The 2001 Estate Selection Merlot ($23) displays these feminine characteristics with its silky flavors of black cherry and plum.  For a less expensive version try the 2004 Merlot ($15).  It’s slightly less complex but still has warm flavors of plum, cranberry and cherry.  The 2004 Cabernet Sauvignon ($15) is on the lighter side but quite nice, with notes of strawberry, cranberry and rose.

Lenz has several “old vines” wines (including the well-structured plummy 2001 Merlot), that are only available to members of their subscriber program.  Another bonus of joining the program: you can spend a weekend at the cottage on the vineyard each year for free.  I’m still mulling over the offer.

For more information about Lenz Winery visit lenzwine.com.

Long Island Wine Country: Shinn Estate Vineyards

New York is producing many exciting wines.  I confirmed this during my recent trip to the North Fork of Long Island.

It was my first time visiting Long Island wine country and my first time tasting wines from this region (though I have enjoyed several whites from the Finger Lakes).

I went into my adventure with an open mind.  I didn’t have any expectations, but I did hope to find some noteworthy wines.

I had just that experience at Shinn Estate Vineyards.

The North Fork wine trail lies along two main roads — Route 25 to the south and Route 48 to the north — with smaller roads that connect the two.  Shinn is centrally located in the town of Mattituck but is a little off the beaten path, on a small road north of Route 48.  It’s so close to the Long Island Sound that you can smell salt in the air.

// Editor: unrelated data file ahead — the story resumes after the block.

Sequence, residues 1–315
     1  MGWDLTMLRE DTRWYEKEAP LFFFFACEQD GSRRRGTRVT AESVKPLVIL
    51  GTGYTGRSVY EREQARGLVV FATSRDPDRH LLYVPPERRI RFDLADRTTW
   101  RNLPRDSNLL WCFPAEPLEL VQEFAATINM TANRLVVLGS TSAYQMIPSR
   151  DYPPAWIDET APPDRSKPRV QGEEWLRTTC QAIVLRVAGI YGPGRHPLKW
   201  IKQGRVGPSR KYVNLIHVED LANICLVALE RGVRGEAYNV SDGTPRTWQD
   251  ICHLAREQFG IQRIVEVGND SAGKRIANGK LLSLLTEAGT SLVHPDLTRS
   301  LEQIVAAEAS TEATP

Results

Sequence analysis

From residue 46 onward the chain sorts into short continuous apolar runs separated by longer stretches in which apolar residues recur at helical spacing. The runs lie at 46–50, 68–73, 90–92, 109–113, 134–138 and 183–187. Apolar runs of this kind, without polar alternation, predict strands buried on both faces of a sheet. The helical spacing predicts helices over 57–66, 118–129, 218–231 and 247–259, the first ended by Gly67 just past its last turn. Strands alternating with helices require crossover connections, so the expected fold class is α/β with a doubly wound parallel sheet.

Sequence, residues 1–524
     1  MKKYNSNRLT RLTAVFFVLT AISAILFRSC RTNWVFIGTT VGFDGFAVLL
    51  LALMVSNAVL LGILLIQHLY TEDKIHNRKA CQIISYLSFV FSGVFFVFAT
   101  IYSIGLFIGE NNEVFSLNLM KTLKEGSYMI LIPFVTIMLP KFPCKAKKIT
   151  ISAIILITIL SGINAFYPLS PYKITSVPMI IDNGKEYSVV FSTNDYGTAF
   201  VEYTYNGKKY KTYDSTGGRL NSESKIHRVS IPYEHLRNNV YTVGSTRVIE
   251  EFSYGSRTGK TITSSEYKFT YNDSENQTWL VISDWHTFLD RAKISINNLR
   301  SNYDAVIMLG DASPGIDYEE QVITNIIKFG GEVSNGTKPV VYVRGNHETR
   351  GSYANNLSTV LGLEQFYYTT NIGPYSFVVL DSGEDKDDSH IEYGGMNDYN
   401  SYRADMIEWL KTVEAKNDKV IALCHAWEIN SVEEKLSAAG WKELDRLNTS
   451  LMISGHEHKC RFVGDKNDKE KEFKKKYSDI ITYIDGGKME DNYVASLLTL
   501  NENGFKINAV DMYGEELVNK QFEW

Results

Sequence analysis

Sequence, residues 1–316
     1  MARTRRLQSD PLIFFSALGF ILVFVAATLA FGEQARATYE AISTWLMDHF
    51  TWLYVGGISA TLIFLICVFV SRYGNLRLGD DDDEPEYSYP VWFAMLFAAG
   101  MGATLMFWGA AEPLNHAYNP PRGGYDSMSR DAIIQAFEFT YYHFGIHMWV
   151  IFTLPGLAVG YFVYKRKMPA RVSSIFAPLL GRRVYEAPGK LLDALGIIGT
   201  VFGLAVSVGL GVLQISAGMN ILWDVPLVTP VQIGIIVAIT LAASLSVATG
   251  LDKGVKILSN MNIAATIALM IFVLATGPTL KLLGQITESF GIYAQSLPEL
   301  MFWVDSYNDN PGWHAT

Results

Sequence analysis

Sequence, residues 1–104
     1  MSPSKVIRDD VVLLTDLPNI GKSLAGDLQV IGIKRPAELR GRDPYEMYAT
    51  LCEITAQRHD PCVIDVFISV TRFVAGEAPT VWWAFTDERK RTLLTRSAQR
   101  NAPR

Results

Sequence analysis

Shinn Estate Vineyards has the kind of ambiance I like when I visit a winery.  Their tasting room is inside a barn that was originally built in the 1880s.  It’s small and intimate, with friendly staff who make your visit feel special.  When I walked in I was greeted by an energetic black and white dog named Panda and the music of Bob Marley playing from a small stereo.

The first wine I tried was the 2008 Anomaly ($18), a white Pinot Noir.  I was intrigued by the idea of a white Pinot Noir, though I realized I’ve had it before — in Champagne and sparkling wines (like a Blanc de Noirs).  White Pinot Noir is made by quickly removing the skins from the juice once the grapes have been pressed, so the skin don’t transfer color.

The Anomaly is so light in color that it almost looks like water; it’s a surprise when your first sip is full of red fruit flavors.  The wine has notes of white raspberry and strawberry with a long clean finish.  It goes well with chicken or fish, or on its own on an evening when it’s just too hot outside to drink red wine.

Shinn’s red wines were my favorite of all the red wines I tasted at North Fork wineries.  I couldn’t resist buying a bottle of the Non Vintage Red ($14) to take with me.  The wine is a mix of Cabernet Franc and Merlot and has bright flavors of red berries and cherries.  A hint of oak gives the wine soft tannins.  Easy to drink with a smooth finish, this is a great everyday wine.

Also impressive was the “Wild Boar Doe” ($29), a playful blend of 54% Merlot, 7% Cabernet Sauvignon, 14% Petit Verdot, 13% Malbec and 12% Cabernet Franc.  Medium bodied in structure, this wine has juicy flavors of cherry and plum with black pepper and warm spice on the finish.

Had I not been on a budget, I would have loved to buy a bottle of the 2006 Cabernet Franc ($38).  Lush and full bodied, this is a delicious wine by any standard.  It could easily stand up to Cabernet Francs from California.  The wine is aged for 16 months in small French oak barrels and has ripe flavors of blackberry and black cherry, with a hint of vanilla and spice.

It was hard to leave the quaint and cozy tasting room but I knew there were other wineries to explore.  The good news is that if you find it hard to leave too, you can always book a room at their bed & breakfast.

For more information on Shinn Estate Vineyards visit shinnestatevineyards.com.